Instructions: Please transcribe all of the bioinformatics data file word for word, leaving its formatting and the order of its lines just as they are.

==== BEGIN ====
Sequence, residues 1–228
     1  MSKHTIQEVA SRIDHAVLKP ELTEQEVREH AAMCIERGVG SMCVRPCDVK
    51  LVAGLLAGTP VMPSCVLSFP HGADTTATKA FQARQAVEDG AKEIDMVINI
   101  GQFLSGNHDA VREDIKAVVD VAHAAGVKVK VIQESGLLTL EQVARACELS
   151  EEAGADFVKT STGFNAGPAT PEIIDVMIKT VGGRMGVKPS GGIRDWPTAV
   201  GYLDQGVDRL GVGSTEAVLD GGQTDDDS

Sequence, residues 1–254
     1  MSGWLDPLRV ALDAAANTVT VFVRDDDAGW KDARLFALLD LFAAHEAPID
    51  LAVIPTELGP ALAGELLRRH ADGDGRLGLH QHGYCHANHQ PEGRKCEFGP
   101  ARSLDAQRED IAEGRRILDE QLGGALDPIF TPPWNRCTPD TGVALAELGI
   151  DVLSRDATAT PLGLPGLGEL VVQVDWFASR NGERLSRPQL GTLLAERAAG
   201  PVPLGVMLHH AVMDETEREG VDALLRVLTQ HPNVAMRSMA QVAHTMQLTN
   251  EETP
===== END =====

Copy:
Sequence, residues 1–228
     1  MSKHTIQEVA SRIDHAVLKP ELTEQEVREH AAMCIERGVG SMCVRPCDVK
    51  LVAGLLAGTP VMPSCVLSFP HGADTTATKA FQARQAVEDG AKEIDMVINI
   101  GQFLSGNHDA VREDIKAVVD VAHAAGVKVK VIQESGLLTL EQVARACELS
   151  EEAGADFVKT STGFNAGPAT PEIIDVMIKT VGGRMGVKPS GGIRDWPTAV
   201  GYLDQGVDRL GVGSTEAVLD GGQTDDDS

Sequence, residues 1–254
     1  MSGWLDPLRV ALDAAANTVT VFVRDDDAGW KDARLFALLD LFAAHEAPID
    51  LAVIPTELGP ALAGELLRRH ADGDGRLGLH QHGYCHANHQ PEGRKCEFGP
   101  ARSLDAQRED IAEGRRILDE QLGGALDPIF TPPWNRCTPD TGVALAELGI
   151  DVLSRDATAT PLGLPGLGEL VVQVDWFASR NGERLSRPQL GTLLAERAAG
   201  PVPLGVMLHH AVMDETEREG VDALLRVLTQ HPNVAMRSMA QVAHTMQLTN
   251  EETP